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I'm trying to put std::strings into boost::lockfree::queues so that my threads can update each other with new data.

When I try to use boost::lockfree::queue<std::string> updated_data;, g++ says :

In instantiation of 'class boost::lockfree::queue >':

error: static assertion failed: (boost::has_trivial_destructor::value)

error: static assertion failed: (boost::has_trivial_assign::value)

I've been shown generally what these errors mean, but I have no hope of ever fixing this myself, as I'm almost brand new to c++.

Is there an alternative way to pass text data between threads with lockfree? If not, please show me how to put std::string into a boost::lockfree::queue.

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3 Answers 3

up vote 1 down vote accepted

If you put raw pointers in the queue, the old std::strings will be leaked, since there is no way to free them when they are no longer needed. This is because there is no way to free the objects in a thread-safe way without taking a lock (other than some tricks like hazard pointers, which boost::lockfree::queue does not use)

For technical reasons I do not really understand, the boost::lockfree::queue requires a trivial assignment operator and a trivial destructor, which means that your object cannot be nor contain any data type that must free memory in its destructor, like std::string.

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I have no hope of ever fixing this myself, as I'm almost brand new to c++.

Then I have to wonder why you're messing with things like lockfree queues.

Is there an alternative way to pass text data between threads with lockfree?

Yes, you could just store a std::string* pointer to the data in the queue, because a pointer is a trivial type and so is allowed in the queue. Equivalently, you could store a reference_wrapper<std::string>. The problem with that is you need to store the strings somewhere else, in order to be able to point to them, so now all you've done is move the problem to somewhere else (e.g. you could maintain a list of strings in each thread, and store pointers to the externally-managed string in the lock-free queue, but you don't know when it's safe to remove a string from the per-thread list so it grows and grows.)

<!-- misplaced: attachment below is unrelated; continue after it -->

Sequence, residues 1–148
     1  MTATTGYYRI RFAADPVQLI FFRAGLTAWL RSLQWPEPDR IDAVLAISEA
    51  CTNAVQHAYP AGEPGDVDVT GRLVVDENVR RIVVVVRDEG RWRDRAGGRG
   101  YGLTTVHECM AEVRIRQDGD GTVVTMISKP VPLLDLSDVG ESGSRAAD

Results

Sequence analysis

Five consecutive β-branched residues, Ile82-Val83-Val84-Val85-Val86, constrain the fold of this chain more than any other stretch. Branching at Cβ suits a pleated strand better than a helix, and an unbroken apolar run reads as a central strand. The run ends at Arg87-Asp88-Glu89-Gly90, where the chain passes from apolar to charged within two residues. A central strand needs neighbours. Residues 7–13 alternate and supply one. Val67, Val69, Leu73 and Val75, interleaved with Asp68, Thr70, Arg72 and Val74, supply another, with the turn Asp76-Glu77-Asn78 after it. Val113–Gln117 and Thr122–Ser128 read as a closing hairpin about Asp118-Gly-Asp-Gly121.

I would suggest you use a simple std::queue<std::string> and do your own synchronisation with a boost::mutex and boost::condition_variable, or find an existing implementation of a thread-safe (not lock-free!) queue.

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This gets +1 because I didn't even consider storing raw pointers in the queue. –  Mark B Jul 3 '13 at 18:01
Do what already, store raw pointers? Where would it put the actual objects? It's generally bad practice to put unmanaged raw pointers in containers, it's too easy to leak memory –  Jonathan Wakely Jul 4 '13 at 8:10
Well there you go then, you've solved the problem, now it's just a simple matter of programming ;) –  Jonathan Wakely Aug 23 '13 at 22:38
WARNING: You WILL leak memory unless you use some trick like hazard pointers (no way to free the old std::strings) –  Demetri Apr 2 at 12:56
@Gracchus, I'm glad you have been convinced it's not so easy :) –  Jonathan Wakely Apr 24 at 13:27

The boost::lockfree::queue documentation clearly states the the contained itemm must have a trivial copy assignment and destructor, which std::string doesn't have.

If you have a single producer and a single consumer you can use spsc_queue (http://www.boost.org/doc/libs/1_54_0/doc/html/boost/lockfree/spsc_queue.html) which requires only default constructability and copyability.

If you have multiple producers or consumers you're going to be stuck with a normal locking queue (or a custom string that doesn't use dynamic allocation).

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